We asked students to share stories of teachers who have left an impact on their lives.
Teachers play a big part in our lives—some have left an impact on us by going beyond their teaching duties. The life lessons they have taught also stay with us, even after we graduate.
To show their appreciation this Teachers’ Day, these youths share their stories of teachers who have left an impact on their lives.
“Ms Chang was my Class Mentor and English teacher from secondary one to secondary two. She’s a caring teacher who always looked out for me to make sure I was doing fine in class and often gave me leadership opportunities to grow my potential.
“She also goes the extra mile to care for her students. I still remember what she said to me: ‘I don’t think you know, but I can tell something about you is different.’ That was when I was going through a tough time and often had suicidal thoughts. Her care and concern certainly set her apart from other teachers.
“When she noticed that I was going through a lot of stress, she would call me after class and give me counselling sessions. She would often liaise with my family to make things easier for me. That made my secondary school life a lot more bearable.
“One day, she approached me and asked if I would be interested to join a writing programme. She observed how I often chose to write narratives during my English composition exams and thought that this would be a great opportunity to grow my writing interest. This eventually led me to enter mass communication to pursue my passion for writing.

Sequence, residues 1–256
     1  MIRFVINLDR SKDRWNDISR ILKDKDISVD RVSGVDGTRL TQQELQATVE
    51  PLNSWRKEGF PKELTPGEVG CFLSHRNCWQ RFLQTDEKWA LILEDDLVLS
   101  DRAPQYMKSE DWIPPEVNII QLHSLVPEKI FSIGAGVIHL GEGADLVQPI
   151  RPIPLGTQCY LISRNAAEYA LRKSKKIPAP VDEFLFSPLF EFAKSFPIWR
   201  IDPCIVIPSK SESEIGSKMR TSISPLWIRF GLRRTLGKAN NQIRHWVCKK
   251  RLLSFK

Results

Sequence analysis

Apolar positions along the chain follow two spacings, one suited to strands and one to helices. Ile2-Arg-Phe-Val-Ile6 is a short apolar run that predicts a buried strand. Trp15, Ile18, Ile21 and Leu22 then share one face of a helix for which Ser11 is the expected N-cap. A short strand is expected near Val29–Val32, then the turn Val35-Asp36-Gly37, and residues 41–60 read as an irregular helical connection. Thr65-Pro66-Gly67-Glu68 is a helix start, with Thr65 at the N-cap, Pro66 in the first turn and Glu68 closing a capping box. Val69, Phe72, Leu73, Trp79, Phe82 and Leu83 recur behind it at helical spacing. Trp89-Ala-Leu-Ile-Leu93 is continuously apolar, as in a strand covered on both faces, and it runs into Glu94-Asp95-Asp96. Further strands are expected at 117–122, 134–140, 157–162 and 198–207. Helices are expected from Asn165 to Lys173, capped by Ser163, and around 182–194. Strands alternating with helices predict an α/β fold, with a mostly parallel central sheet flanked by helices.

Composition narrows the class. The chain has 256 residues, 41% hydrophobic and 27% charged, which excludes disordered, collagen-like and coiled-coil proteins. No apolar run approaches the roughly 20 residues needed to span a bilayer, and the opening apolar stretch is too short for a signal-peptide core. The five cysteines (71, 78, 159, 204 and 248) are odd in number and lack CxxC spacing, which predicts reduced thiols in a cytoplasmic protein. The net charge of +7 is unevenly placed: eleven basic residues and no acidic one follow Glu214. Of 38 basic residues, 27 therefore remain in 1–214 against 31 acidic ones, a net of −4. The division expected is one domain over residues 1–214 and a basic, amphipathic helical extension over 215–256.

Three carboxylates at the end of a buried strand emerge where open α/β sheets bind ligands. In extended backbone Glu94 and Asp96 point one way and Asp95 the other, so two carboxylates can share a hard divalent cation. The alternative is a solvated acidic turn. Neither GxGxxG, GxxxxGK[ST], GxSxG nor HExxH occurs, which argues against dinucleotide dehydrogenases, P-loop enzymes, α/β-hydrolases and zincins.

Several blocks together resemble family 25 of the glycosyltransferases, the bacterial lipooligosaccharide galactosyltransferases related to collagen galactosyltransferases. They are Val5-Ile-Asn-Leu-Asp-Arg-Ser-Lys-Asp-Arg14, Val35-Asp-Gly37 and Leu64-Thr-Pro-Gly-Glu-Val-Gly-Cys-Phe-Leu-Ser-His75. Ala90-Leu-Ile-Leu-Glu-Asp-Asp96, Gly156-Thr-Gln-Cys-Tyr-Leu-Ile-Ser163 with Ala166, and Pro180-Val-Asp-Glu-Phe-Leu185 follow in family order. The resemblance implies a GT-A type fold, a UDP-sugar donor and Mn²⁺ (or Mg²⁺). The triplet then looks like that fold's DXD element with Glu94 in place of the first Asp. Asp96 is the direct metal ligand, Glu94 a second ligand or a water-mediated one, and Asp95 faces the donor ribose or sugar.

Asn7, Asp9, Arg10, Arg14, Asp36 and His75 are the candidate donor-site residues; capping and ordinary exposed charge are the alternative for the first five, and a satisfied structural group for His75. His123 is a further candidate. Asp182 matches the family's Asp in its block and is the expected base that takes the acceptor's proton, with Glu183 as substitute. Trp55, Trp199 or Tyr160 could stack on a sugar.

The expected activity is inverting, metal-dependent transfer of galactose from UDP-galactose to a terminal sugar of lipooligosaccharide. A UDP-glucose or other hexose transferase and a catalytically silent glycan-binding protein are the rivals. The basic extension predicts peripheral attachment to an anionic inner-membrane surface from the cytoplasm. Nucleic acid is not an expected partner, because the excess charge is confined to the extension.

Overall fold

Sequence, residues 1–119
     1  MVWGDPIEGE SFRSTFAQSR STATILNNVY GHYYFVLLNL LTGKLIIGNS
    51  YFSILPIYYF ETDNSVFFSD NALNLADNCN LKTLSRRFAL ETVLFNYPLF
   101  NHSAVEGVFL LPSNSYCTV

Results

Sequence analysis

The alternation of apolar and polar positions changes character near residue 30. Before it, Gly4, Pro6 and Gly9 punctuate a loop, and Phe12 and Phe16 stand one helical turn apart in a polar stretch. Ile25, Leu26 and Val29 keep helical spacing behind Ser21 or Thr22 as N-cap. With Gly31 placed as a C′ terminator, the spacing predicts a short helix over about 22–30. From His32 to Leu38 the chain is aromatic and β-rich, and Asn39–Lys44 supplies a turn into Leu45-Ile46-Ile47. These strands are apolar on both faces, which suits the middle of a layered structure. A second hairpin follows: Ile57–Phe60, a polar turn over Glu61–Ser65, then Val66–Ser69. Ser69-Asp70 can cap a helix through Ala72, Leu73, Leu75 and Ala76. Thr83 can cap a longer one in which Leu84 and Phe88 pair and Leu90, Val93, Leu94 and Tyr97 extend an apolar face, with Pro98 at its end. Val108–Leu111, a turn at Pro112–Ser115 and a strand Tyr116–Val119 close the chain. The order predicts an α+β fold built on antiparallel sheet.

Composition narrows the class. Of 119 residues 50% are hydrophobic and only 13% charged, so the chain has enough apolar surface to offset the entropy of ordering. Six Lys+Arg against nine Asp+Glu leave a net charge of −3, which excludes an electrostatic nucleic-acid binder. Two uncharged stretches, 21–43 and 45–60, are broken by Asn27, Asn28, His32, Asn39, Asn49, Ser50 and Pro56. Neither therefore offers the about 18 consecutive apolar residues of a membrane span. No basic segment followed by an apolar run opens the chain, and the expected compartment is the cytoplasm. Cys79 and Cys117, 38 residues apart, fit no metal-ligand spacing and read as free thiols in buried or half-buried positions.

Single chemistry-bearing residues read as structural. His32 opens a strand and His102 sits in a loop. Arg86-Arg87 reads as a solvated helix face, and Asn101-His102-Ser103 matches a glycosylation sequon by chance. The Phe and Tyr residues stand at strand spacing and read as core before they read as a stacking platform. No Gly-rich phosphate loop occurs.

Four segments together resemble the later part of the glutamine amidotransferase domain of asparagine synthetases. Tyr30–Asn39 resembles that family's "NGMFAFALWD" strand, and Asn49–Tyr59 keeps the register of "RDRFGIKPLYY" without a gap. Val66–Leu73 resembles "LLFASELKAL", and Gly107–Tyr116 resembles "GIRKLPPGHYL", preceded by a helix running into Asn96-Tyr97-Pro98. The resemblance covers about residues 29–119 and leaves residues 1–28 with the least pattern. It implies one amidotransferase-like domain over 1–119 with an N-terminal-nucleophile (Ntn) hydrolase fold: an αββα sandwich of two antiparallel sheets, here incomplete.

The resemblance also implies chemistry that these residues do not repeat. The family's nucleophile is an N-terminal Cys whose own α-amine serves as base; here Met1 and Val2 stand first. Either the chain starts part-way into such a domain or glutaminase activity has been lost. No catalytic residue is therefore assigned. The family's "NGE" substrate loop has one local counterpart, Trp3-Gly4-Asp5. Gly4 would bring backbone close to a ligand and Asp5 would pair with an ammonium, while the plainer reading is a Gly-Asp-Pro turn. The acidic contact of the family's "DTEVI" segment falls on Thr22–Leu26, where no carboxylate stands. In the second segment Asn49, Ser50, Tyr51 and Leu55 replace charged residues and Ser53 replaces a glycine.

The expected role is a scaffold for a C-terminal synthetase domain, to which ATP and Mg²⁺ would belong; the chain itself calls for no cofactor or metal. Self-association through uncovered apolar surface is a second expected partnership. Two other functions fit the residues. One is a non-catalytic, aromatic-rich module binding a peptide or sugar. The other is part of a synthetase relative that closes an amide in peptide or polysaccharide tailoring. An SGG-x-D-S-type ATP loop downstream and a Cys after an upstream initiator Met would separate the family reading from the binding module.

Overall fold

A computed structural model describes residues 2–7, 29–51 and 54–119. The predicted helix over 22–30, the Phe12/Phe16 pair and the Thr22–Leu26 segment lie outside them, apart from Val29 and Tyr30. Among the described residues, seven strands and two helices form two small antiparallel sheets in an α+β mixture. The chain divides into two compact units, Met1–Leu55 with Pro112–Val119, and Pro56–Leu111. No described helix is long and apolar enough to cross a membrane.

“Ms Chang, thanks for being my Class Mentor during my secondary school years. I am so grateful that you asked me to be a part of the writing programme because, without you, I wouldn’t be able to find my passion for mass communication. Hope all is well for you!” – Abigail Chua, 19, Polytechnic student
“Mr Yap was my form teacher and biology teacher in secondary four. I first met him in secondary three when he was still a part-time teacher.
“I really look up to him because it’s tough for a teacher to be both a friend and mentor, but he has achieved both. I can see that he tries his best in everything he does, including not giving up on his students.
“During his time as our form teacher, Mr Yap tried to discipline us by making our class go for assembly early and be the first class to have everyone present for assembly on time. As we treated him more like a friend than a teacher, we took his words lightly. The late cases in our class began to increase, but we did not change despite his constant stern warnings.
“One day, he had a serious talk with the entire class and that was when I realised he was tired of trying so hard to discipline us when we didn’t take him seriously. My classmates started to change and treat him with respect. Even so, we were still able to treat him as a friend and a teacher.
“He taught me to try my best in everything I do so that I’ll know I’ve done my best and have no regrets.